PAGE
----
The US Treasury Secretary said in Jeddah during his trip to the Middle East that signs of economic recovery were evident.
Geithner says US recession easing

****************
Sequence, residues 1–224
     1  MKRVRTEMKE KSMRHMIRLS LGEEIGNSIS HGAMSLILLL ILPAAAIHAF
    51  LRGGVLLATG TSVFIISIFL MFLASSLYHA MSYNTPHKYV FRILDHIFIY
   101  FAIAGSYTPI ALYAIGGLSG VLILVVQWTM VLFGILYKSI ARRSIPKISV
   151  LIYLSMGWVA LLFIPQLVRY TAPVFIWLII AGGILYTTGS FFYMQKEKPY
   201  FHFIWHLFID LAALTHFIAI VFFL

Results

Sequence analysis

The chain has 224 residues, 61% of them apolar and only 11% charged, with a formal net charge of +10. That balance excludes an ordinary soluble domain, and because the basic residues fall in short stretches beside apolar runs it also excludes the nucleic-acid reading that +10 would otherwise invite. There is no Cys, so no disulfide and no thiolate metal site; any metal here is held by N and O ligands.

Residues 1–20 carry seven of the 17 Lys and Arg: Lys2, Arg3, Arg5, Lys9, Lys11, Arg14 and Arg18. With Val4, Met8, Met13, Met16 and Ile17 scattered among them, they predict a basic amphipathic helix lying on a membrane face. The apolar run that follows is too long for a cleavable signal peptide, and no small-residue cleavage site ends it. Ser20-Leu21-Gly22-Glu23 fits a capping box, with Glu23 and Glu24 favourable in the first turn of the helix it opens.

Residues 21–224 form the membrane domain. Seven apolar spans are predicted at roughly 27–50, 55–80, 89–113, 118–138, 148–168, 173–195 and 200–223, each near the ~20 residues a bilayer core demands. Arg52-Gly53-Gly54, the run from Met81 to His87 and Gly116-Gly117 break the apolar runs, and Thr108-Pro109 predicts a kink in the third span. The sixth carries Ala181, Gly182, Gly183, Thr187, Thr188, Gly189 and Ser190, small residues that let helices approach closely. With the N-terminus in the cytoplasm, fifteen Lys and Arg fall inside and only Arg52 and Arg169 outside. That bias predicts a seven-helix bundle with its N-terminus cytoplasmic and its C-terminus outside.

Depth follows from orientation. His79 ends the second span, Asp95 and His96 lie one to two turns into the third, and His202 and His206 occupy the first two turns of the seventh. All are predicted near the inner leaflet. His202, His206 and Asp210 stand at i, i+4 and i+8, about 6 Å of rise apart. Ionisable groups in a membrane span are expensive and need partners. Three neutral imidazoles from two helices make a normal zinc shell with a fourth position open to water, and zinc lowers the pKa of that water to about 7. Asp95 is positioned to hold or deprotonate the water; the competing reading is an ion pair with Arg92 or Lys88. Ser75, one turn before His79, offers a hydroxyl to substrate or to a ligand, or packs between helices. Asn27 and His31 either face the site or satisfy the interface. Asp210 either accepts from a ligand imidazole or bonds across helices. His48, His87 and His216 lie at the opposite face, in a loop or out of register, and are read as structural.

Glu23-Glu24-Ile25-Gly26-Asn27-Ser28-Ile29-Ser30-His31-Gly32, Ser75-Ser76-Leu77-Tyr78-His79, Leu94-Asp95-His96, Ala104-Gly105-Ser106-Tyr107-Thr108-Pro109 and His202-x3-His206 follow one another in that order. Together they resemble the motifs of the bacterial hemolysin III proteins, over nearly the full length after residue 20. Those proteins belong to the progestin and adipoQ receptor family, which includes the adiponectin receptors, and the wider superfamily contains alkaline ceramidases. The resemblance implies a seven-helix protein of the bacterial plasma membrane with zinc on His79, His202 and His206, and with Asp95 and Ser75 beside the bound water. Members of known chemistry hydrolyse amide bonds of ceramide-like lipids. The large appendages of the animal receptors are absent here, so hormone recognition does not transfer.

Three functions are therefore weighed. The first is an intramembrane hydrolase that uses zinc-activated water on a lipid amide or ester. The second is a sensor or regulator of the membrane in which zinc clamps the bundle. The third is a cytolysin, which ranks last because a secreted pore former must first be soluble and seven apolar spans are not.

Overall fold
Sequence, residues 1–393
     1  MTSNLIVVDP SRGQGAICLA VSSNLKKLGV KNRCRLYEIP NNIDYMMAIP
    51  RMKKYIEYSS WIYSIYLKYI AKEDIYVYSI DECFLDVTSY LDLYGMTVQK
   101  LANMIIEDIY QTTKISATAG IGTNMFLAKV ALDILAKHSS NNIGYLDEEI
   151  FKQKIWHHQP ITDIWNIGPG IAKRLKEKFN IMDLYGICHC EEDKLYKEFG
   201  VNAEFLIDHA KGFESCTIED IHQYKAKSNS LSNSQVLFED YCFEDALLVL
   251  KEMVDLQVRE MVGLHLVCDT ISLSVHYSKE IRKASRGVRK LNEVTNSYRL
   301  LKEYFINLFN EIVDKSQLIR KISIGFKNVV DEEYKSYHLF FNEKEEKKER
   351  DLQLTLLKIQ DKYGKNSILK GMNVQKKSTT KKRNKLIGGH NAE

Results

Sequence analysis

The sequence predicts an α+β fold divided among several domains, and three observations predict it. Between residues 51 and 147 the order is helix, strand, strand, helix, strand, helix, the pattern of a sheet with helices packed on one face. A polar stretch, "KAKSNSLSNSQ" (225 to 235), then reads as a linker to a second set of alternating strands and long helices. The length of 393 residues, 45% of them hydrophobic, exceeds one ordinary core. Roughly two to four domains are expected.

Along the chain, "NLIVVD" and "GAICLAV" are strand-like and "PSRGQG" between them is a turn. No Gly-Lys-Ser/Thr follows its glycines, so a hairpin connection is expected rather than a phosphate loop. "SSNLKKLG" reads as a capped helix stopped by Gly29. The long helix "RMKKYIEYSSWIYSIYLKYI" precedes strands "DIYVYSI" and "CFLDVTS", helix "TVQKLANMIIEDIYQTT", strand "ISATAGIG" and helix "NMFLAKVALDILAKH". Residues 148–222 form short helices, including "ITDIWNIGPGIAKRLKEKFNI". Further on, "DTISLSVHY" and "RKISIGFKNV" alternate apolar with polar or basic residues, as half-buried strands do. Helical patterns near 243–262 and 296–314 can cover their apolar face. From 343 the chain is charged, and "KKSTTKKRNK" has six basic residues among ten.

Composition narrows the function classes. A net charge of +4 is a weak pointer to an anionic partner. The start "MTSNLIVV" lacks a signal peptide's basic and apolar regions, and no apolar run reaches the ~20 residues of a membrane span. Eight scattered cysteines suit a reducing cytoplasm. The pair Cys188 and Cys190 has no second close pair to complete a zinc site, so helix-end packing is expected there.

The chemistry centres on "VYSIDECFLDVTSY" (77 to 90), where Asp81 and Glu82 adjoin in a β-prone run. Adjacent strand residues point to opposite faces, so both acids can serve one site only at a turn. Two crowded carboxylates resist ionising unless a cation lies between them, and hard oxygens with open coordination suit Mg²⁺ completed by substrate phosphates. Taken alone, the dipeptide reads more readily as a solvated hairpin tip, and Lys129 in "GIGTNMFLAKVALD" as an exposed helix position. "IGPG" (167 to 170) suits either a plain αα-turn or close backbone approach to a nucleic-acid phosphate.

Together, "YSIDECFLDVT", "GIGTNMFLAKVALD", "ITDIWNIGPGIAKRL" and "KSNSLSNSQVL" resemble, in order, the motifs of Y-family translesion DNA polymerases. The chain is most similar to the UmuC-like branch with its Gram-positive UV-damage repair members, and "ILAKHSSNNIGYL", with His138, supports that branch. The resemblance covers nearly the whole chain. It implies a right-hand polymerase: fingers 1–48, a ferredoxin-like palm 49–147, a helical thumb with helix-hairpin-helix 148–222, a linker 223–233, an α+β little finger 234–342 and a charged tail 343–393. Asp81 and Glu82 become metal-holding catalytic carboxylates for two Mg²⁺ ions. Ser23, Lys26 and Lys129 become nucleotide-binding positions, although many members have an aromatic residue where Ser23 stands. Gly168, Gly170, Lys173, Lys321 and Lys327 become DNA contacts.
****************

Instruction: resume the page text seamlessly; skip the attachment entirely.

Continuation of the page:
The US Treasury secretary, Timothy Geithner, pointed to signs of an economic recovery and did his best to quell worries over a weaker US dollar during a visit to Saudi Arabia Tuesday. "The policies of the United States are designed to lay the conditions for a strong dollar, for more stability in the international monetary system and among the major economies," Mr Geithner said in a speech at the Jeddah Chamber of Commerce. The remarks during Mr Geithner's first visit to the Middle East as Treasury secretary were intended to placate large investors across the globe who have grown concerned in recent months that big economic stimulus packages designed to rescue the US from the financial crisis could play havoc with the value of the dollar. "Given the dollar's role in the international financial system and the significant impact of the US economy on global economic conditions, we fully recognise that the United States has a special responsibility to play," Mr Geithner said. Governments in the Gulf hold large amounts of dollars in currency reserves, thanks to revenues from oil. Sovereign wealth funds in the GCC, including the Abu Dhabi Investment Authority (ADIA) - which is estimated to have assets worth roughly US$300 billion (Dh1.1 trillion) - also have large holdings in dollar-denominated assets. In addition, the currencies of the UAE, Saudi Arabia, Qatar, Oman and Bahrain are pegged to the dollar, while Kuwait's currency is pegged to a basket of currencies weighted heavily to the dollar. These factors mean the economic fortunes of the Gulf are intimately linked with the value of the dollar. Economic policy in the US, however, has been focused recently on aiding the US economy by driving interest rates down and selling more US government debt, actions that many people fear threaten to weaken the currency. The US would unwind stimulus measures and reduce its $1tn-plus budget deficit, Mr Geithner said, but only when the financial crisis had clearly ended. "We are very committed to make sure that, as we get through this crisis, we bring down our fiscal deficits and reverse these extraordinary interventions," he said. Mr Geithner's speech yesterday mirrored one he gave last month in China, which owns almost $800bn in US Treasury debt, making it the largest single government holder of US sovereign debt in the world. China, Brazil and Russia have recently been calling for a more diversified international currency regime that would replace the dollar's role as the global reserve currency, in part to challenge what the three countries see as excessive American control over their sovereign wealth. Mr Geithner praised Saudi Arabia's efforts at recovering from the financial crisis, saying monetary policy had been "appropriately aggressive". "Here in Saudi Arabia, the non-oil economy continues to expand, boosted by one of the largest stimulus packages of any G20 nation and by very aggressive, appropriately aggressive, monetary policy and financial sector actions," he said. Globally, Mr Geithner said that while the economic crisis had not ended, recent signs indicated the seeds of a recovery had been firmly planted. "We are seeing very active issuance in corporate bonds and equity markets, and the banking system shows signs of more confidence," Mr Geithner said. "The force of the global recession is receding." But he warned that it would still take "considerably more time" to get the global economy back on track. Although the IMF recently increased its global forecast to 2.5 per cent growth in 2010, he said that rate was "slower than typical for recoveries, but recovery nonetheless". Mr Geithner is scheduled to visit Abu Dhabi today as part of a trip that has taken him from London and Jeddah to the capital, before he visits Paris tomorrow. * with agencies firstname.lastname@example.org